He actually attended the first national convention. He attended the Republican national convention was in 1884. Uh, interestingly, which is the year Grover Cleveland was elected. So he was at the convening. That nominated James G Blaine against Cleveland before kind of what it is appetite for that, uh, who served a couple of terms in the Ohio state Senate early in the 20th century, he served one term as Ohio’s Lieutenant governor, uh, lost a bid in 1910, uh, for the governorship of Ohio, but he came back in 1940.
One a us Senate seat, a six year term in the Senate, which would end in 19, he would have to run for a second term, but he was given the presidential nomination that year at the convention. And then of course served 881 days as president of United States. Some of the major issues that were confronting the parties.
And, um, just in general, in the U S at that point for the. [00:05:00] The precedent to tackle. And this is something that I spend a lot of time on in the book. This is not a full biography of Warren Harding. I don’t go into a lot of his background, but there is some, if you don’t know much about him, you can certainly pick that up.
But I start the book with the fight over the league of nations in 1918. And you really have to understand Harding and Hardee’s election. You have to put them in the proper context. And there’s a reason Harding, a man like Harding and his vice-presidential candidate. Uh, Calvin Coolidge was elected because of what was going on in the country.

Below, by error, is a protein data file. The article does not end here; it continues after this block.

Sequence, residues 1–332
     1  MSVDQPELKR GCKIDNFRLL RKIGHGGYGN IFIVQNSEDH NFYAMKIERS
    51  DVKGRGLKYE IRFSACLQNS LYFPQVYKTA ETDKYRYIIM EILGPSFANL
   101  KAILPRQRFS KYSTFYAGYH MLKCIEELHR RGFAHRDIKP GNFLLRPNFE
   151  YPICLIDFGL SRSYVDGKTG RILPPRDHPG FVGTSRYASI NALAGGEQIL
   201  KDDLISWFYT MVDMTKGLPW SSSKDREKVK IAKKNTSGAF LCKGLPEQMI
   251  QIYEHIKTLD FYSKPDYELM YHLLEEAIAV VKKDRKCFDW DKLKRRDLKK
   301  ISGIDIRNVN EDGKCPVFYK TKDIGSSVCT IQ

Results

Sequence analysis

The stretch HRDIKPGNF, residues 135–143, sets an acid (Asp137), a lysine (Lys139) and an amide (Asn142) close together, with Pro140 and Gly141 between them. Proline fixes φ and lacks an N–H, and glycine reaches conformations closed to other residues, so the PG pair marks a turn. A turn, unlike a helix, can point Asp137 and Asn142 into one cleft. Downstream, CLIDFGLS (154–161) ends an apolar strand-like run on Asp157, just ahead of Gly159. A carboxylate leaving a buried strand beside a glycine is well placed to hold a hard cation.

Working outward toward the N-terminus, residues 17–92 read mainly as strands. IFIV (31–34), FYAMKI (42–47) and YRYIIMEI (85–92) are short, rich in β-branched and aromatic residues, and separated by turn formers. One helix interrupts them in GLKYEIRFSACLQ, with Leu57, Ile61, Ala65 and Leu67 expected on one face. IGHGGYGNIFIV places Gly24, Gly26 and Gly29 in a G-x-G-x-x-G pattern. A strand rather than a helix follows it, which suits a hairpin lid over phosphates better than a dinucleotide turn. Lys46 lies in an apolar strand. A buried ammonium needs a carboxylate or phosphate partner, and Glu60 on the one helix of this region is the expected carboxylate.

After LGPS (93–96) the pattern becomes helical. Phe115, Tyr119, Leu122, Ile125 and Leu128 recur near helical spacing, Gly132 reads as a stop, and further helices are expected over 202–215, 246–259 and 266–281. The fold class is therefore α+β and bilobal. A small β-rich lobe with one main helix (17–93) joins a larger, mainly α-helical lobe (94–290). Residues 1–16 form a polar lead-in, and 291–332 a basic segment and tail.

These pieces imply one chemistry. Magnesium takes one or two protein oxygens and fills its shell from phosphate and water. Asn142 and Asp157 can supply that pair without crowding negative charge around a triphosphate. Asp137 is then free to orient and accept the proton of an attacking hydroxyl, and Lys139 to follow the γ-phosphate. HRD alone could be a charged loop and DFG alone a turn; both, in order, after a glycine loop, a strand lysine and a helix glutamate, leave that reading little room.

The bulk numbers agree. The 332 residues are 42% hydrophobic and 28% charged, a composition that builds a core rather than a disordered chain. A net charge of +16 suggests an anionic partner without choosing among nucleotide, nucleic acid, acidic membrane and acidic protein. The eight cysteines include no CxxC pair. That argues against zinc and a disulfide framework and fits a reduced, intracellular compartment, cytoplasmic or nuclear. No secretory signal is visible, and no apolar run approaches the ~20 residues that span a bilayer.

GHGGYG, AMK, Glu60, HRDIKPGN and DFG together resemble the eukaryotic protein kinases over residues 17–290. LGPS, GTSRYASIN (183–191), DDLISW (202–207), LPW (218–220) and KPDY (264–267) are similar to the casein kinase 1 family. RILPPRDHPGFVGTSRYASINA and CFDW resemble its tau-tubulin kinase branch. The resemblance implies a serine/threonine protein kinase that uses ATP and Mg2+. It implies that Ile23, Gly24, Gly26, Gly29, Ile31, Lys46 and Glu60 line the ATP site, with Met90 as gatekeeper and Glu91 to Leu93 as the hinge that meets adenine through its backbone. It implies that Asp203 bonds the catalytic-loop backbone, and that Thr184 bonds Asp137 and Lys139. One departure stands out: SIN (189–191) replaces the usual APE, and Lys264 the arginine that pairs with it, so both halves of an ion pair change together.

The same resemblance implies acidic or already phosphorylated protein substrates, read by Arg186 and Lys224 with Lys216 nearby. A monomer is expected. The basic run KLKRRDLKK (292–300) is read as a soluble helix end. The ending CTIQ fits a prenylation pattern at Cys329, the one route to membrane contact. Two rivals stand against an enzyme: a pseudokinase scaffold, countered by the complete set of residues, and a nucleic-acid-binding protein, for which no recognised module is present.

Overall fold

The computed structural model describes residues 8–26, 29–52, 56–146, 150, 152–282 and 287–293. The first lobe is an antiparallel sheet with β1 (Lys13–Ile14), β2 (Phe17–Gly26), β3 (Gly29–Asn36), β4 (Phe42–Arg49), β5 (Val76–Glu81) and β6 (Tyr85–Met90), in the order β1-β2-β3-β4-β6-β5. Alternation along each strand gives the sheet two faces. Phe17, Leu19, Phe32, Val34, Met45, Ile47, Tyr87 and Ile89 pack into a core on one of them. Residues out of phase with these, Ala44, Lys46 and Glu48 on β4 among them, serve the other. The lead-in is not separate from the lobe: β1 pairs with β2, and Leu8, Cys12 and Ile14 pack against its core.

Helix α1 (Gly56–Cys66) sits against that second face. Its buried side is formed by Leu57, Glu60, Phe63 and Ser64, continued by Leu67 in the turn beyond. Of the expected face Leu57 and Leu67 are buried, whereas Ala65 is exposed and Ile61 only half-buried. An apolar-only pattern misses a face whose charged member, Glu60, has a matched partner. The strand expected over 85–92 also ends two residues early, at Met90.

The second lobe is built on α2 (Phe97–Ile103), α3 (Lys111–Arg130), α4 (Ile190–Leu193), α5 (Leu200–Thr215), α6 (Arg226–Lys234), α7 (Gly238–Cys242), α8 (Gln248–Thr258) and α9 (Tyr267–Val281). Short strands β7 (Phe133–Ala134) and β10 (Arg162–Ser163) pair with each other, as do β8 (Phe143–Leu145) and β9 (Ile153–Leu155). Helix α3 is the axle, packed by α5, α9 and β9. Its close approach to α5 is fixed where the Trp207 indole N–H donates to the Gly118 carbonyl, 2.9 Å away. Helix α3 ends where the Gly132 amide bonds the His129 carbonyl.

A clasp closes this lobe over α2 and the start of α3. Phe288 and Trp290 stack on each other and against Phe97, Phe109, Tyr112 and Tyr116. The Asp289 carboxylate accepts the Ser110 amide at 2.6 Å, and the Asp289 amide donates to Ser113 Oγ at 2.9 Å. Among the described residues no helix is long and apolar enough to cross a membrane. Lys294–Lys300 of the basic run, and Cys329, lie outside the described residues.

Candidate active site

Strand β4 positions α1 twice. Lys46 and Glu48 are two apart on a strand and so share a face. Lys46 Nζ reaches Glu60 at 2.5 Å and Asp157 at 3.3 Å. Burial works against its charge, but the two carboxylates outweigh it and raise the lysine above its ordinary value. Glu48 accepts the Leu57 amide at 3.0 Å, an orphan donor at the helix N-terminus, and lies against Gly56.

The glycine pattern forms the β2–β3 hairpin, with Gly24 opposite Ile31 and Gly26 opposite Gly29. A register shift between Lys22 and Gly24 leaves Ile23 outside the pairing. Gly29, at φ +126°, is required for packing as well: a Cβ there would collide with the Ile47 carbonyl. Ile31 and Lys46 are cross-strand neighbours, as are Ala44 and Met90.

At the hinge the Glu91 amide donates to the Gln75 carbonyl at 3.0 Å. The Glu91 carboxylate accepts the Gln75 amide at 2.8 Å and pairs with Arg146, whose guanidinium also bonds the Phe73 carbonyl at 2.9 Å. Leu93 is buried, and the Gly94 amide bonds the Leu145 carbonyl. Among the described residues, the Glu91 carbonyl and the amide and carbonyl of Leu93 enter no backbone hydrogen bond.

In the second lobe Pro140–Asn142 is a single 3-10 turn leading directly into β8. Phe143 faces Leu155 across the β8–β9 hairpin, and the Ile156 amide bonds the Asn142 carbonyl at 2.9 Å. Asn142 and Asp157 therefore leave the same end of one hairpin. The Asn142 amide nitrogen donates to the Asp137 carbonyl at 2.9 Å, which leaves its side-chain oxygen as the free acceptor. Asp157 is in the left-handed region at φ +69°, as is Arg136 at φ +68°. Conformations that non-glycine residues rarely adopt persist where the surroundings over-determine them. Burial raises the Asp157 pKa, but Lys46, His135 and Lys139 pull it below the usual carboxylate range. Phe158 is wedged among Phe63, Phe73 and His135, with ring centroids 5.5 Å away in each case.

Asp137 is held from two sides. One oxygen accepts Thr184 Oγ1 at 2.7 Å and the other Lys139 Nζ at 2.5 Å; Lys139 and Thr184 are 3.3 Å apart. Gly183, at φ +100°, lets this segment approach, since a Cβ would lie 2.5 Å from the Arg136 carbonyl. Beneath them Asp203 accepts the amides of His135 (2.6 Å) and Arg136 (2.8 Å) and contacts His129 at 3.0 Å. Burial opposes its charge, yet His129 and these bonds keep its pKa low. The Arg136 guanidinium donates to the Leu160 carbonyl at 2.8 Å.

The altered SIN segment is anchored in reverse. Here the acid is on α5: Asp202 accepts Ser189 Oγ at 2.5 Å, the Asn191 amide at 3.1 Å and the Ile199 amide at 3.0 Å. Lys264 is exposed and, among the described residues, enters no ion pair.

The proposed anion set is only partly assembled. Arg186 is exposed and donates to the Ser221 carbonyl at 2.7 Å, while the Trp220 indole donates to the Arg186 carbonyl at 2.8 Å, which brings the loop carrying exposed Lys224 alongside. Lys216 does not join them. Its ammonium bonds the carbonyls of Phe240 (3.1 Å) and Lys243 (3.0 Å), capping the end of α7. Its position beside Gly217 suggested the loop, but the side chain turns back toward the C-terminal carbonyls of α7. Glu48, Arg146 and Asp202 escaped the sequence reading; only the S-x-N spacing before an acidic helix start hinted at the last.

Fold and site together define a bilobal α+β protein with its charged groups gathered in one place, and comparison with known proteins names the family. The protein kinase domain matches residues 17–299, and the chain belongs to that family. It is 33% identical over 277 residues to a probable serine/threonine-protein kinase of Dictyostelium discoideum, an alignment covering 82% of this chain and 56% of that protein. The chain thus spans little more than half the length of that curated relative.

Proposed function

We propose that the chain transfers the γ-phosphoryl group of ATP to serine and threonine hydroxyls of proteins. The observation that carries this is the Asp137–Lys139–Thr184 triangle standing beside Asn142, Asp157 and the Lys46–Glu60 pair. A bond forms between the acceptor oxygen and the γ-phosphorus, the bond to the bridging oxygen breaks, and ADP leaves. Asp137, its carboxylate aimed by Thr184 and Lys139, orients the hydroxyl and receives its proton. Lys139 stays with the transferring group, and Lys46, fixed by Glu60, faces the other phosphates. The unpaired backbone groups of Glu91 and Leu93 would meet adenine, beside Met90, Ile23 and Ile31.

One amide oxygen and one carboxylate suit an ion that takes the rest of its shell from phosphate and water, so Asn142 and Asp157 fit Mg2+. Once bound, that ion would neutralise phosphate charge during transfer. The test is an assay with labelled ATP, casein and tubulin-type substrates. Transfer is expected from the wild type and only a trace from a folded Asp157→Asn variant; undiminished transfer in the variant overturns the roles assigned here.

And you really have to go back to the previous 20 years that the country had been. In a progressive tide for the previous 20 years from Teddy Roosevelt TAF. And then of course, Woodrow Wilson, a lot of progressive reforms were going on and it was a lot of change for the people over there. Your period culminating in Woodrow Wilson’s crusade in Europe, world war one, a lot of historians tried to say, well, progressive isn’t really bad.
In 1917, we entered the war. No, [00:06:00] absolutely not. Not opinion. War one was a progressive. Uh, war, uh, it was for, you know, a war to make the world safer democracy, a war to end all wars. Those are progressive ideals. You look at what progressivism was about. We would, we just moved it to Europe. That’s all we’d done.
And so coming out of the war, you get the treaty of Versailles. You get the fight over the league of nations and Harding was in the Senate. The Senate had to approve that treaty with the league of nations. I go into that story. Woodrow Wilson would not compromise on that. What so ever. The problem is the league had, um, in the league, in the charter, it was in the treaty.

Cite This Article
"Warren G Harding: A President for the Jazz Age" History on the Net
© 2000-2024, Salem Media.
July 14, 2024 <https://www.historyonthenet.com/warren-g-harding-a-president-for-the-jazz-age>
More Citation Information.